[ALAC] Google Book Settlement Rejected (new link provided)

Jean-Jacques SUBRENAT jjs.global at gmail.com
Wed Mar 23 13:42:28 UTC 2011


Dear Hong, All,

in the e-mail I sent you a few minutes ago, the link turned out to be
broken, just like the one you sent around. It's strange that this should
happen just now when "googling" for articles on the ruling.

So I tried another way, using Yahoo.fr instead of Google.fr, and found
this short article (I do hope this works):
http://www.theregister.co.uk/2011/03/22/judgment_stalls_google_settlement/

If you know of any detailed analysis of the ruling, I'd appreciate getting
the link to it.

Regards,
Jean-Jacques.

On 23/03/11 21:32, "Jean-Jacques SUBRENAT" <jjs.global at gmail.com> wrote:

>Dear Hong,
>
>yes, many of us have been waiting for this ruling, and had some concerns
>that Google's arguments would carry the day.
>
>Unfortunately, the link you provided does not seem to operate (at least
>here), so I'm providing another link, to The Guardian (I hope this one
>resolves),
>http://www.guardian.co.uk/technology/2011/mar/23/google-online-library-pla
>n
>s-thwarted 
>
>The concerns voiced in Europe about the Google Book project underlined
>several points:
>- under the guise of an initiative in favour of civilization, Google has
>in fact developed a clever business model aimed at ensuring for itself a
>position of world dominance, with severe contract obligations imposed upon
>its partners;
>- potentially, the creation of a world monopoly, not on a product but on
>one of the treasures of human development, the visual support of
>knowledge;
>- transforming what has traditionally been a "public service" (public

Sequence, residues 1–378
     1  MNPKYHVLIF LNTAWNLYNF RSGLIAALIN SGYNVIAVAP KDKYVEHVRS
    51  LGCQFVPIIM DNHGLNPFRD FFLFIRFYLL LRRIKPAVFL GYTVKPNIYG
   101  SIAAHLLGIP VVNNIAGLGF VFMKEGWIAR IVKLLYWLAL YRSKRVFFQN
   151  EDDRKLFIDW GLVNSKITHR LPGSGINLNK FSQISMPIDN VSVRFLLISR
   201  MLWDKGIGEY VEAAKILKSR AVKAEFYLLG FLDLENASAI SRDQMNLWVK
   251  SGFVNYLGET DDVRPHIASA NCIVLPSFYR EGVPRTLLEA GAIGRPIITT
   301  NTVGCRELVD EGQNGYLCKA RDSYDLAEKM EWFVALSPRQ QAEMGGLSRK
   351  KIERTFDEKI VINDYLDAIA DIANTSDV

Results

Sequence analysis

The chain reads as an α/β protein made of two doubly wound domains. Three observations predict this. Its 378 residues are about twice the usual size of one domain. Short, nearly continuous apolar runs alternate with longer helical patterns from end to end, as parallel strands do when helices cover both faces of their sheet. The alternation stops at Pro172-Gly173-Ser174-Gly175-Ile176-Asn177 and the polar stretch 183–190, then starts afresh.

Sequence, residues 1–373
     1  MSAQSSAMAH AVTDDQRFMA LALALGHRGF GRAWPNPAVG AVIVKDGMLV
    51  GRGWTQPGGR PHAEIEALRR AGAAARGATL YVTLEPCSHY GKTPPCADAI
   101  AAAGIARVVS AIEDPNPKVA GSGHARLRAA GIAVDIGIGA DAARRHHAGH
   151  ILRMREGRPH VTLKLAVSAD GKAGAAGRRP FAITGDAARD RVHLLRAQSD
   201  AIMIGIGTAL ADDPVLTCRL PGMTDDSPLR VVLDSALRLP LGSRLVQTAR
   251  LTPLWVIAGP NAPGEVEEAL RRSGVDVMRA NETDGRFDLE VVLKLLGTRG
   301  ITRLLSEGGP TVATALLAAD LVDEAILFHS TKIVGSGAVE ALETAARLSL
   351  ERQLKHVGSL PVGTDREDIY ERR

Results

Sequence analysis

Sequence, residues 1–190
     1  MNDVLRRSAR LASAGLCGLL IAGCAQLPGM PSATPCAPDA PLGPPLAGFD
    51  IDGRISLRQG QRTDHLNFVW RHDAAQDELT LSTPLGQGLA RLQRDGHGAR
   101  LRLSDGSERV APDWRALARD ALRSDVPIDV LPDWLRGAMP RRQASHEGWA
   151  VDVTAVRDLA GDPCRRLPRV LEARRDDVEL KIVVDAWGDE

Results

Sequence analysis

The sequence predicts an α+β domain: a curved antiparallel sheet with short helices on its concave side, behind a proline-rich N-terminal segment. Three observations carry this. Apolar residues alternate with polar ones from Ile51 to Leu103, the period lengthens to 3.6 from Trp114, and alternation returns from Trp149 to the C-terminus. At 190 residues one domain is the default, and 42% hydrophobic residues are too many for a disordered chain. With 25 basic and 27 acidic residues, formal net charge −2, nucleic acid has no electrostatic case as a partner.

>libraries) into a commercial venture, with the prospect of currently free
>or low-cost services becoming accessible only against payment;
>- a lack of transparency.
>
>A question to you, Hong: does Google have the possibility of appealing
>this latest judgment?
>
>Regards,
>Jean-Jacques.
>
>
>
>On 23/03/11 19:18, "Hong Xue" <hongxueipr at gmail.com> wrote:
>
>>A long saga ended today. A federal judge rejected a *Google
>>settlement*<http://online.wsj.com/article/SB10001424052748704461304576216
>>9
>>23562033348.html>that
>>would allow it to post millions of
>>*books* online. It shows that Google should not be allowed to make Global
>>law through its opt-out (opt-in by default) rules to manage the world
>>knowledge.
>>
>>
>>Hong
>>
>>-- 
>>Dr. Hong Xue
>>Professor of Law
>>Director of Institute for the Internet Policy & Law (IIPL)
>>Beijing Normal University
>>http://www.iipl.org.cn/ <http://iipl.org.cn/>
>>19 Xin Jie Kou Wai Street
>>Beijing 100875 China
>>_______________________________________________
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>
>




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